The way I work: Benjamin Myers

His words no longer stand thirty feet tall on London’s Oxford Road but they have a much bigger value to him now they’re in his novels

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When I was 10 years old I wanted to be either a boxer or long distance runner. I had stamina but I was short and weighed about six stone dripping wet, and had neither the constitution, talent or dedication to do either. I was sensitive too – I loved reading and writing. Poetry made more sense than the world. Like thousands of others, the image of Roald Dahl in his writing shed, a bar of chocolate to hand, his mind alive with possibility, was inspiring, and I attempted to write my first novel shortly afterwards.

Throughout my teenage years a love of music and literature became inextricably intertwined, and a burgeoning anxiety about the restrictiveness of the adult world made it clear there was only one career option I should pursue: journalism. I spent my entire A-level studies practically researching the effects of alcohol, drugs and the performing of hardcore punk rock on stages across the north of England, and acquired the grades that reflected this: a D in English literature, a D in classical studies and a N in economics. In a panic I simultaneously applied to every university in Britain, and wrote to every music, arts or lifestyle magazine in existence. Two replied: Luton University (now the University of Bedfordshire) gave me a place to study English literature and Melody Maker offered me work experience. I remain immensely grateful to both.

The more inane and banal my inspirational slogans, the more they seemed to go for them

So by the end of my teens I was both a student and music journalist, contributing weekly reviews to a publication that had shaped my world outlook. I was up and running, and at the age of 21 moved to London, where I lived in a squat for several years. One day I would sit in front of the oven to warm up and watch mice steal cheese from my traps, the next I would fly to Hollywood to interview pop stars.

Fiction remained my obsession though, and as I became more deeply embedded in the music business it was apparent that it is actually quite an artless place. New ideas are rare and cyclical patterns become recognisable. I have a strong memory of being at T In The Park festival – the tenth that I had worked at that summer – and hiding under a table backstage so that I could read my Henry Miller novel in peace. I was 23 and already feeling jaded. Though still writing for several magazines I increased my effort to write novels.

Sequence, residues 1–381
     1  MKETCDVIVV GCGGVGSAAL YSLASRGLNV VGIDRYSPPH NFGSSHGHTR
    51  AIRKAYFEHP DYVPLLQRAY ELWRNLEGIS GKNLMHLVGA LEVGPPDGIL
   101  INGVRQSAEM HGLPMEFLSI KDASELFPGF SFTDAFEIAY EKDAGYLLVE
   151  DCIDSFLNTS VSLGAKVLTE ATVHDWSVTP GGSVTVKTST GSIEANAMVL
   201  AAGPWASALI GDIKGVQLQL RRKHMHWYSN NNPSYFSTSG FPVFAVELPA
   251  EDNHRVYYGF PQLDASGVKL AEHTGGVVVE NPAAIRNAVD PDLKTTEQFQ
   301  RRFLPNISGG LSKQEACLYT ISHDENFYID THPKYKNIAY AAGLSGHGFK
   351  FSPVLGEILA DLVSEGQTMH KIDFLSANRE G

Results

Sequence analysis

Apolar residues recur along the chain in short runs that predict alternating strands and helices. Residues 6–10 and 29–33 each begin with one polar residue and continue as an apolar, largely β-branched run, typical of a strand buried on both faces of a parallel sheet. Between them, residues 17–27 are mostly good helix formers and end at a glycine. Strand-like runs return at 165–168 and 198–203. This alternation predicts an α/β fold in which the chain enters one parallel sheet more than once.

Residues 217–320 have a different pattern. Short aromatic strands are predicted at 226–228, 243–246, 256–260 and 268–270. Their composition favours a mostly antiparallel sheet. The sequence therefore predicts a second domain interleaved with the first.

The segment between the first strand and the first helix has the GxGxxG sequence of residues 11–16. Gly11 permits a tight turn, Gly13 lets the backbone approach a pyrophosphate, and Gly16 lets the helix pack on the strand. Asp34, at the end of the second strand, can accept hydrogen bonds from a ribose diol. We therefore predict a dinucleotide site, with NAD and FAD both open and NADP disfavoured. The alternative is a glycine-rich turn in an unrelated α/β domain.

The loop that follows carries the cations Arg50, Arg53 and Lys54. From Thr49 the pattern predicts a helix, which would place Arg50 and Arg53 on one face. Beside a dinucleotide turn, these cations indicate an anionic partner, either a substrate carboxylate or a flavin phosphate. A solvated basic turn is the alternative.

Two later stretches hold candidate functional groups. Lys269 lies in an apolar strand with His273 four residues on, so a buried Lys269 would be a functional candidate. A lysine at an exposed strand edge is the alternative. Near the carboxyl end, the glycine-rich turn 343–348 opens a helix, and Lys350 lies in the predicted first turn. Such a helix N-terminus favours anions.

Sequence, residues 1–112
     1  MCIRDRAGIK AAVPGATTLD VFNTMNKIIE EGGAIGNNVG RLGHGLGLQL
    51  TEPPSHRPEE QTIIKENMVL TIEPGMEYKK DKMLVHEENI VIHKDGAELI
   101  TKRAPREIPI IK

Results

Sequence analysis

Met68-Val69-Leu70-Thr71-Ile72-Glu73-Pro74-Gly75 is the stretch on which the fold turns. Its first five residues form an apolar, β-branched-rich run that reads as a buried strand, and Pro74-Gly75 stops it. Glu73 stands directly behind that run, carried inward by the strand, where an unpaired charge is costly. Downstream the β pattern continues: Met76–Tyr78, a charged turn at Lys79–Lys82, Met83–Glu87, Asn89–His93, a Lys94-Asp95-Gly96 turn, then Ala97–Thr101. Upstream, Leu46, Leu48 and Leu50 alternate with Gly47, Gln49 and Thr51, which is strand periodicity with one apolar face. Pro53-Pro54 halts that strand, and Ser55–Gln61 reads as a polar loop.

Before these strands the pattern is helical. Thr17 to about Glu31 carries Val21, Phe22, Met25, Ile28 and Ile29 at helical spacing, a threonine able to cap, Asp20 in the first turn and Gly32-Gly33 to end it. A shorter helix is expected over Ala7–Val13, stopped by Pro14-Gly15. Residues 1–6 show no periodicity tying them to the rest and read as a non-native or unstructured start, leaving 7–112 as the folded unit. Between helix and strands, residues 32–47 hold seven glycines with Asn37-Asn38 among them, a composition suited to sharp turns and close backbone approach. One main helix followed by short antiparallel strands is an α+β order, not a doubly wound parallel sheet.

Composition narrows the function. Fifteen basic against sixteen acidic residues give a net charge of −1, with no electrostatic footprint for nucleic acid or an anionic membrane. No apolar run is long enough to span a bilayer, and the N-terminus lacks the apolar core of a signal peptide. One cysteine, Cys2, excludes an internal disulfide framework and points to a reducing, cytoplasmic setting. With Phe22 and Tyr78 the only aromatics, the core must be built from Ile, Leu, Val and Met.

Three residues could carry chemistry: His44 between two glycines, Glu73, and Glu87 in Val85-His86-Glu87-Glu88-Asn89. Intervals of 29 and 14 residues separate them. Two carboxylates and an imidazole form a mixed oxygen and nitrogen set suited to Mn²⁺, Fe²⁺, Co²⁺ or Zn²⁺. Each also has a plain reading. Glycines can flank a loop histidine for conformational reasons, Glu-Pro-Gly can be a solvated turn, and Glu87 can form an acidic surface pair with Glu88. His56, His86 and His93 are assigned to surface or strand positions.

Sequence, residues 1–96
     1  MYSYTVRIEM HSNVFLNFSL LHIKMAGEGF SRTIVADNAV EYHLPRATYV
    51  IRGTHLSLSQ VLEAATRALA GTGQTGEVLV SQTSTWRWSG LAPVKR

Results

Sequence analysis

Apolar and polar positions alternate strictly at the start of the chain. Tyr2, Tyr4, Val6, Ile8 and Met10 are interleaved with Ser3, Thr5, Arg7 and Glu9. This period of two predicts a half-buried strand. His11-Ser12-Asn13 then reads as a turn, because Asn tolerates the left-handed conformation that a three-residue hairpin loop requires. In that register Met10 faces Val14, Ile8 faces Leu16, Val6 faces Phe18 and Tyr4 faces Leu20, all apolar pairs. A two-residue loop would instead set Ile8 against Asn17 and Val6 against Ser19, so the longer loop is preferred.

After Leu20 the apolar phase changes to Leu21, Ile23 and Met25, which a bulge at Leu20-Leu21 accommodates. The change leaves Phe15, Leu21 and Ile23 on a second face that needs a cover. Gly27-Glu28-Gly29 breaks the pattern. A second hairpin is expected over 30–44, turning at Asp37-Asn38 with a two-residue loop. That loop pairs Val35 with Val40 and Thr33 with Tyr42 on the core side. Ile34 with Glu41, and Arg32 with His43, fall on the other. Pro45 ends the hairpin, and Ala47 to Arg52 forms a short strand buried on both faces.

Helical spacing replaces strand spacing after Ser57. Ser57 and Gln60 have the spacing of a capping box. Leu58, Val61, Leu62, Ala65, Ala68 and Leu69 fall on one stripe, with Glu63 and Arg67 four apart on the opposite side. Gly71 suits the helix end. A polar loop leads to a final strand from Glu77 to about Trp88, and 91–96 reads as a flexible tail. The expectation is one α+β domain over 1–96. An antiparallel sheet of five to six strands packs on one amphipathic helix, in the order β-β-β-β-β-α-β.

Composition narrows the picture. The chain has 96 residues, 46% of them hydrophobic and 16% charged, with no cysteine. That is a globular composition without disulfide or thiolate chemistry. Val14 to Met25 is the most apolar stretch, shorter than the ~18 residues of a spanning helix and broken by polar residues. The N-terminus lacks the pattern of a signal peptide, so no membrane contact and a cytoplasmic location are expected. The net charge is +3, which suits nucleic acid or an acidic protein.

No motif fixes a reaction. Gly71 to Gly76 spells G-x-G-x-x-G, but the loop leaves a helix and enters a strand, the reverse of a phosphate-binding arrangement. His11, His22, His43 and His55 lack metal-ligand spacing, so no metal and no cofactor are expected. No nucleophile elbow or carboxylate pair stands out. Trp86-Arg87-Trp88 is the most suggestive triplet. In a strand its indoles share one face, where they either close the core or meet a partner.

I think it is a combination of luck, tenacity and a continuous fear of having to enter the conventional workplace that has enabled me to have a career since then. I’m 40 now and as of this month have been a freelance journalist and latterly a novelist for exactly 20 years, so in many ways I feel institutionalised. Or whatever the opposite of institutionalised is. It’s 10 years since I worked, very briefly, in an office, and that was doing copywriting for a hip London design agency.

My role there was to come up with tag-lines for advertising campaigns for a major international sportswear company. I treated it as poetry and got a certain fleeting perverse pleasure in dipping my toes into the strange world of accelerated capitalism and corporate branding. The more inane and banal my inspirational quotes and slogans, the more they seemed to go for them. Soon my words were appearing 30 feet tall in Oxford Street windows, on billboards, at major sporting events. It seemed ironic, because the only sport I like to watch was boxing, which is high on drama but largely free of pretence, and stripped down to bone and blood and guts.

When you dip your toes into this world you soon get burned. Copywriting paid well but I felt my innards shrivelling and so it was back to journalism for me: interviewing bands, reviewing novels, writing copy for music festivals and record labels, selling short stories, publishing poems. I’m not proud of this, but I was once asked to review pornographic films. I treated them as high art and wrote the column accordingly. It was sent back to me: “Readers don’t want to know about Hitchcock-esque camera angles. Please re-write it.”

Writing is a hustle that I love. Not knowing what money I will earn next week is a challenge; I live by my wits, imagination and anxieties, and when times are tight I sell my possessions.

In the past four years, my fiction career has taken a turn for the better. I was awarded a grant by the Society of Authors, which bought me time to finish my novel Pig Iron, which won the Gordon Prize, which then led to me staying in a remote house in Scotland for several months in order to finish my next novel, Beastings, which in turn led to me receiving some Arts Council funding, and then winning the Portico Prize for Literature, dubbed “the Booker Prize of the north”. A chain of events was set in motion that has kept the wolf from the door. Writers rarely make money from book sales, and the wolf is always there, scratching and growling, his maul bloody, his nose twitching for fresh flesh. Everything I have done has been to buy me time to write novels – and freedom. I’m obsessed. I throw the wolf scraps from time to time, but he can wait a while longer.

Turning Blue by Benjamin Myers is out this month on Moth/Mayfly

Photo: Julian Germain Dunelm

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